Retail struggles, warehousing gains, office unknowns. Questions cloud the future of the commercial real estate market
Photo: Mark McManus, partner, Valco Consultants
FALL BROUGHT NOT just a second wave of Covid-19, but also a second chance for governments across Canada to figure out how they would deal with the virus.
Earlier this month, the Ford government came down on the side of keeping the economy at least limping along, when it unveiled its new approach to lockdowns.
Mass shutdowns are out in favour of targeted actions — and only when outbreaks reach a higher threshold than in the spring.
Practically speaking, that means masks and physical distancing are the twin pillars on which many retailers – restaurants included – will rely this winter to survive. We’ve already seen that won’t be enough to save everyone, and it’s not clear how much the new policy will help office landlords.
“So many people are working from home,” says Mark McManus, a partner with real estate appraisers Valco Consultants. “That much is clear when you look at what’s happening in offices right now. What we don’t know is whether this is just a blip in time or signals a long-term change in how people work.”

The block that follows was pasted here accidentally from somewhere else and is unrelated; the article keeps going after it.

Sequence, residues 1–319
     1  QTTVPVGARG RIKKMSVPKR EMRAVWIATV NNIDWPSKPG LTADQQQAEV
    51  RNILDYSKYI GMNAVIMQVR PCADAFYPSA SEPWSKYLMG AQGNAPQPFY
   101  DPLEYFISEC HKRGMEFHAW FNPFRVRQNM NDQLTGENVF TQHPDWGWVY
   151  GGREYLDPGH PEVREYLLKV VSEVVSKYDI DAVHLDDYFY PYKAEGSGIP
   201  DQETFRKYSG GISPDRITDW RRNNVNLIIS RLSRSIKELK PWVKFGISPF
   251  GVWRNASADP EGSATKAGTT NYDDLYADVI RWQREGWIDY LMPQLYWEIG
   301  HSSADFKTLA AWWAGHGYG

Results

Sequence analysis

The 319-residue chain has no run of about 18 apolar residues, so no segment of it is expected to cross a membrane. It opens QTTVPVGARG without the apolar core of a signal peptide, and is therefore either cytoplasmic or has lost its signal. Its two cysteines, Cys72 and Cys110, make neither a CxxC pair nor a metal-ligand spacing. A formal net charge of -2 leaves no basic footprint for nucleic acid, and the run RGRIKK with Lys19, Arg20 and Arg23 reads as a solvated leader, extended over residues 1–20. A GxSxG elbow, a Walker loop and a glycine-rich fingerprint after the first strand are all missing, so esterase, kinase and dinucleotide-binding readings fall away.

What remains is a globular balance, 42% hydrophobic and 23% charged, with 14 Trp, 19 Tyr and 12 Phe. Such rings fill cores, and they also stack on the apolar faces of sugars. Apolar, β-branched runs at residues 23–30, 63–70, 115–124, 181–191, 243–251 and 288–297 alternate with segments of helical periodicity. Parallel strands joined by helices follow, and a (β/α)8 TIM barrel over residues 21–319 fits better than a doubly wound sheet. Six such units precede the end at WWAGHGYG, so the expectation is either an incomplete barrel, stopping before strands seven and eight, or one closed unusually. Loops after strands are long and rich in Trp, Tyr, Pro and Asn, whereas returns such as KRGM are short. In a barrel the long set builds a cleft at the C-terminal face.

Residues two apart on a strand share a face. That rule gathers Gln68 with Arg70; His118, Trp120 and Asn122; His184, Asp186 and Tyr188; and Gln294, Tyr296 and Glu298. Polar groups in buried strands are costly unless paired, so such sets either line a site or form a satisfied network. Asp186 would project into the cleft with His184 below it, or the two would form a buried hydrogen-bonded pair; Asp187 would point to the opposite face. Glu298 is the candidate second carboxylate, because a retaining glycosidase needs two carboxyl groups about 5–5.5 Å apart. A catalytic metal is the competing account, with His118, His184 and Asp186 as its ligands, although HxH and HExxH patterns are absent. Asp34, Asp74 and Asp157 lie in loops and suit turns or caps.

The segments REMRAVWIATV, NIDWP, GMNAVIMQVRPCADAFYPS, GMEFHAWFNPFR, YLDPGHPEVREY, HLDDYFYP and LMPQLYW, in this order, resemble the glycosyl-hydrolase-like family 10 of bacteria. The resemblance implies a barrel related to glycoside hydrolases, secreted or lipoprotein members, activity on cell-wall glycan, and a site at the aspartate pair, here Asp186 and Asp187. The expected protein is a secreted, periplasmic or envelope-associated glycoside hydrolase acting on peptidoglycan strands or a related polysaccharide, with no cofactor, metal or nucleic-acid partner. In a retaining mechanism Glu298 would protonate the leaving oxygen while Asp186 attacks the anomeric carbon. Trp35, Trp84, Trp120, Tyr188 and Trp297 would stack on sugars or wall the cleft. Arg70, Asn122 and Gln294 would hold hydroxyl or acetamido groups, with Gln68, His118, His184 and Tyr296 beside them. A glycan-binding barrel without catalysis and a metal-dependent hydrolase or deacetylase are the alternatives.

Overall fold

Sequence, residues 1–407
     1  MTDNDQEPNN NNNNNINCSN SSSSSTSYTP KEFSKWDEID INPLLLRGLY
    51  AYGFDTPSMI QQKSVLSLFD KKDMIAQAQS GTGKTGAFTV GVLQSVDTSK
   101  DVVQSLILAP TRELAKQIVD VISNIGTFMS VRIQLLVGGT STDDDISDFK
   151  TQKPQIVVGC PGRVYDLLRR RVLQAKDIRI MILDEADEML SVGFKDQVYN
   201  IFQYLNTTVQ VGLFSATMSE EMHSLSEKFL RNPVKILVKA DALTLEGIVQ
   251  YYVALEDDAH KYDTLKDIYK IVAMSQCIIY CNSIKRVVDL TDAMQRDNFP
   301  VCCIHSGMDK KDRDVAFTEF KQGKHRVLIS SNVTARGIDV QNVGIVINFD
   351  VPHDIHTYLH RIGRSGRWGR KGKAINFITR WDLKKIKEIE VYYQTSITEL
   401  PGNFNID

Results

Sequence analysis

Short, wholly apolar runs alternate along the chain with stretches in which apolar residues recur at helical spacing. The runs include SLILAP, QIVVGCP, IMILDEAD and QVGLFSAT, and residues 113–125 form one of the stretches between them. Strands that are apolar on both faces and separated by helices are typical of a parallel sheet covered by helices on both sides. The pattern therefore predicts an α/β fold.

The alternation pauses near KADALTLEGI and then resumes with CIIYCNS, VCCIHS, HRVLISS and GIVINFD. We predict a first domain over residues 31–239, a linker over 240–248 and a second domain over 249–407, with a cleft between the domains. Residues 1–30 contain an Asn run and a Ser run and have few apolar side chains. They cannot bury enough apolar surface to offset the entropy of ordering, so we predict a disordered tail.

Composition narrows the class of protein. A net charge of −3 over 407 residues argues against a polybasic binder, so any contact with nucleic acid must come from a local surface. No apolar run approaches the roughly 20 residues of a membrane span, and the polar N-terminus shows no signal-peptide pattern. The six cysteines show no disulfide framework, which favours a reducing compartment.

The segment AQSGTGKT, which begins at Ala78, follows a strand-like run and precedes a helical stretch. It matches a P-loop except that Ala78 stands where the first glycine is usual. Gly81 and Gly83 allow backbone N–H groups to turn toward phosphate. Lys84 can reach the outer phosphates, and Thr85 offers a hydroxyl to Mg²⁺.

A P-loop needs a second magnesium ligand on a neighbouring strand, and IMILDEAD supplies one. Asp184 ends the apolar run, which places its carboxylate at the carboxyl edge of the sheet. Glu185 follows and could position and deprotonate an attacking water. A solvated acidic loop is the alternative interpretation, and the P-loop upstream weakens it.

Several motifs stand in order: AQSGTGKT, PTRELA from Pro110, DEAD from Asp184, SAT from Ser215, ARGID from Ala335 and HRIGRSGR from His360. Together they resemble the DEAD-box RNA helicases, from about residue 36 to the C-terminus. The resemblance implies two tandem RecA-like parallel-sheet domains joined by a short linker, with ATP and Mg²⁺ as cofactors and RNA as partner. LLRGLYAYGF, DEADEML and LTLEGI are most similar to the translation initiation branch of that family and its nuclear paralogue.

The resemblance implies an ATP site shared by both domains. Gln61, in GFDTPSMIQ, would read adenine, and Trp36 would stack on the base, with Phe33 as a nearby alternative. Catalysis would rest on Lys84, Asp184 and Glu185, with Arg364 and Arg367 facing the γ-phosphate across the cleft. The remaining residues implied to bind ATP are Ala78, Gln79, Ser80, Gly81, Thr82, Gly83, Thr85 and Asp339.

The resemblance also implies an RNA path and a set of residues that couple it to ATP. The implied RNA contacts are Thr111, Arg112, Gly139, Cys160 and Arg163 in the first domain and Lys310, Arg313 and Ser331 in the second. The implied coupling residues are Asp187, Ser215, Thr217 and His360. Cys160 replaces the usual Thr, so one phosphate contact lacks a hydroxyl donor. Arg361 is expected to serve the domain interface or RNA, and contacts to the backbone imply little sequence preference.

Like many other observers, McManus assumes companies will look to save money by having more people work from home, even with the pandemic is over.
“The trend in offices has been wide open spaces,” he notes. “When people do return to offices, there could be some major renovations to create private spaces, an entirely different landscape.”
A third-quarter snapshot of the office and retail sectors in London noted a slight dip in the vacancy rate, to 15.1 per cent. But the report, by CBRE, warned the relative good news might simply reflect a lag in the full effect of pandemic. “We’re seeing a flood of space on the market in Toronto and Kitchener,” said CBRE vice-president Ted Overbaugh. “The London market is always slower to react.”
There isn’t much data yet to measure the local retail sector, but the downturn is hard to miss. “Triple-A properties and big boxes are doing fairly well,” says McManus. “The greatest impact is in secondary locations with local tenants. Some smaller retail plazas were just locked up in the spring, so tenants couldn’t get in.”
When you pull thousands of people out of offices and close or restrict other downtown magnets, you severely choke off the lifeblood of the city’s core. When they were allowed to open after the initial shutdown, many retailers reported daily customer counts in single digits.
“People want to stay open. It takes a toll on their psyches to be closed,” McManus says.
New regulations are designed to give those businesses – and by extension their landlords – a fighting chance when the cold weather arrives. When the snow melts, we will see how successful they were. Christopher Clark